kwrandolph wrote:“Tiberian” is the name of the Hebrew dialect that was spoken around medieval Tiberius when the Masoretes pointed the Tanakh. It was the Tiberian pronunciations that they preserved by their points which reflected also their understanding of the text. Their understanding of the text was also influenced by the Tiberian dialect, so they pointed it according to the grammar of the Tiberian dialect.
Thanks for the information about what is "Tiberian" - It was really needed.
But I don't know how Dialect has to do with something.
There is also the Babylonian Masora with another dialect with a different type of pointing which has the same understanding.
The text was understood like that way before the Tiberian pointed the text.
So I don't know what you're saying. Examples would be nice.
kwrandolph wrote:Conjugation is the forms.
Maybe I am confused with the English terms.
Isn't conjugations are: Qal, Piel, Hiphil and so on?
If so, then qtl and yqtl are not about conjugations - it is about the internal forms of each conjugation.
and that is what we were talking about, weren't we?
kwrandolph wrote:Yes you did, by saying that the question is one of syntax and not grammar.
Karl, I said, "RELATED".
Am I wrong by saying that?
ויברא אלהים את האדם בצלמו
בצלם אלהים ברא אותו
Can you switch these verb-forms with each other or not?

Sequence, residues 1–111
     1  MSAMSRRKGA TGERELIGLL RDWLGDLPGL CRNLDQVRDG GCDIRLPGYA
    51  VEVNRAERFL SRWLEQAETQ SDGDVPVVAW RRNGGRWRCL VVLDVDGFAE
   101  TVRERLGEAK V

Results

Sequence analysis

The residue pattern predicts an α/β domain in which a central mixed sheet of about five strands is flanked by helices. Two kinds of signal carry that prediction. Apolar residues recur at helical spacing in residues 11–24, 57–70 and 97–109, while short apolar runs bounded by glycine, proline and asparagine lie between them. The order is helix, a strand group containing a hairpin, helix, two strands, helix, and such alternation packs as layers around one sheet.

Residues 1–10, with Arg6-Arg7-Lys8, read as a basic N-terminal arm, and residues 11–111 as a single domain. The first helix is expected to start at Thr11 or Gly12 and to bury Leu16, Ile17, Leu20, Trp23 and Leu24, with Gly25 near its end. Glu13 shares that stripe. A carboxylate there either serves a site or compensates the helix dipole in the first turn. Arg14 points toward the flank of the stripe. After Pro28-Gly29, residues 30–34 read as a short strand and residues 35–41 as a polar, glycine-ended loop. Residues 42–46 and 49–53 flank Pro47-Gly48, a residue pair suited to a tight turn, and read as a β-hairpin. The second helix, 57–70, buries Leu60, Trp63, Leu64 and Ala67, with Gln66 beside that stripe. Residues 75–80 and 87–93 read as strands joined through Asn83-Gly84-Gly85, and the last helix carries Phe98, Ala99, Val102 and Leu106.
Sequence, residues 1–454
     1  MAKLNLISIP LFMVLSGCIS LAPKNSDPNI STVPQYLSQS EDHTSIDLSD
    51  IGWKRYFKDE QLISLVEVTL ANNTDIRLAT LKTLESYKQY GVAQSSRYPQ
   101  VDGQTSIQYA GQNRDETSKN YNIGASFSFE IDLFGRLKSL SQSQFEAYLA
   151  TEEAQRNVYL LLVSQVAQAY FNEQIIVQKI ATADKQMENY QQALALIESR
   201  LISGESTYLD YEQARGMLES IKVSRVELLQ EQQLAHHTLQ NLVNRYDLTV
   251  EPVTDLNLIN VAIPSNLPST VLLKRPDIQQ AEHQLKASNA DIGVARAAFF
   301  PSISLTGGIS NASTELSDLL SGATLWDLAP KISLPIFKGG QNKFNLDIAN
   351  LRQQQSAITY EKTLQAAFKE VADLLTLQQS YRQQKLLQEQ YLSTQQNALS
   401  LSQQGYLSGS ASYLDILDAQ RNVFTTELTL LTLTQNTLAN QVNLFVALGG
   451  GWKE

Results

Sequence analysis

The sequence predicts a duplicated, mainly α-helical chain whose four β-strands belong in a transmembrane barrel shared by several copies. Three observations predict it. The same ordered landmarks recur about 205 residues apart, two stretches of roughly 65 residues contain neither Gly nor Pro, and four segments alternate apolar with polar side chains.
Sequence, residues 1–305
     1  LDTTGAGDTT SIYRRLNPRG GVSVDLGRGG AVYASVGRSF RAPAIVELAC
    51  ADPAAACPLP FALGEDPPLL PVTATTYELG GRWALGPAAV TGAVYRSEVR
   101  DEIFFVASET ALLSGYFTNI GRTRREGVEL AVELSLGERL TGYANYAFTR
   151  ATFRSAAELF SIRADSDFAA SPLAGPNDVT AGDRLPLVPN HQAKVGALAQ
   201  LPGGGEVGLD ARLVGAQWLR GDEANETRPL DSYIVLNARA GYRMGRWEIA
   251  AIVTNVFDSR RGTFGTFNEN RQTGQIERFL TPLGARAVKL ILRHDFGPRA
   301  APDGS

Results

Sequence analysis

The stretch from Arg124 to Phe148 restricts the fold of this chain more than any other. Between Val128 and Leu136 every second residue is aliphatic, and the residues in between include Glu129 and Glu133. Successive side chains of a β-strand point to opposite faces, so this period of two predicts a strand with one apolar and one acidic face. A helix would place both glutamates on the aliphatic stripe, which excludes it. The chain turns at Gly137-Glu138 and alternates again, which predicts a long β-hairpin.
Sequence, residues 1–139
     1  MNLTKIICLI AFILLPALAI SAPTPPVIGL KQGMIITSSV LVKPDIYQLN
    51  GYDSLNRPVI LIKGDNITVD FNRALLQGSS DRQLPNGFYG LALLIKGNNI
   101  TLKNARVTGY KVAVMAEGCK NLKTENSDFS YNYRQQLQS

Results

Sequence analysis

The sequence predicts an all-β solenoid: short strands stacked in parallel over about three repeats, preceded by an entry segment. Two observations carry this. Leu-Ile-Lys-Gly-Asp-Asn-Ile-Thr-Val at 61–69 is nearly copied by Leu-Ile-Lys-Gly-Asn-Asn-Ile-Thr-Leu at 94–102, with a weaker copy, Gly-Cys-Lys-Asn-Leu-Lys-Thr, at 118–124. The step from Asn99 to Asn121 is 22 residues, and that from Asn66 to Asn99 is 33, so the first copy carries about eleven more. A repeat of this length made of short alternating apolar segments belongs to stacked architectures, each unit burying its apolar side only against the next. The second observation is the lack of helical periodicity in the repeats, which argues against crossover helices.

Because the form is related to the syntax.
kwrandolph wrote:Yet you use the participle as a present tense verb in modern Israeli Hebrew. Why then do you call is “weird”?
Because it is weird that they taught you in a Biblical Hebrew course, that the participle is part of the verbal system.
Which, by the way, the Tiberian pointing of the participle is as the nouns' system of pointing and not as the verbs'. So you're blaming the Tiberian for nothing in this case.
What is even weirder is that until now you quoted me on the most insignificant stuff.
very interesting discussion.
And I don't even like the term "present" or not in this case.
The participle is a participle.
While the participle is written, you understand it according to its place.
As coming to describe its subject, and this description can be narrow or wide.
So once again, instead of playing ping-pong with each other, examples would be nice.
kwrandolph wrote:And your current views and reading. It would help if you knew a little more linguistics.
I'll try being better next time.
kwrandolph wrote:The third person masculine singular verb can be pointed as a Qatal Qal, Qatal Piel, or Qal participle. So in sentences where the context indicates that they’re describing present actions, how were they pointed? I haven’t done a study on such sentences, but a survey of such sentences in Tanakh would answer your question.
All I can do is wait for your study.
kwrandolph wrote:In the phrase אבנים שחקו מים both nouns are plural, and the verb is third person plural. There’s no indication that the object should be read first, then the verb, then the subject. So taking the rule that the subject comes first, we get the picture of stones breaking water up into tiny droplets. That’s exactly what happens when waves crash against a rocky shore, or when water in a fast-moving mountain stream slams against rocks. Water doesn’t grindstones. Water moving stones causes stones to grind each other. But stones cause splashing of water, breaking water up into small droplets. And that’s the simple reading of the phrase in Job 14:19.
1. Read the context and understand its point.
2. Water does erode/wear stones and rocks.
Karl, If you may, you already know that my linguistic knowledge is not as good as yours. Therefore, I need to see nice examples of the things you say. Just make it simple to me so I can understand. Thanks for your understanding.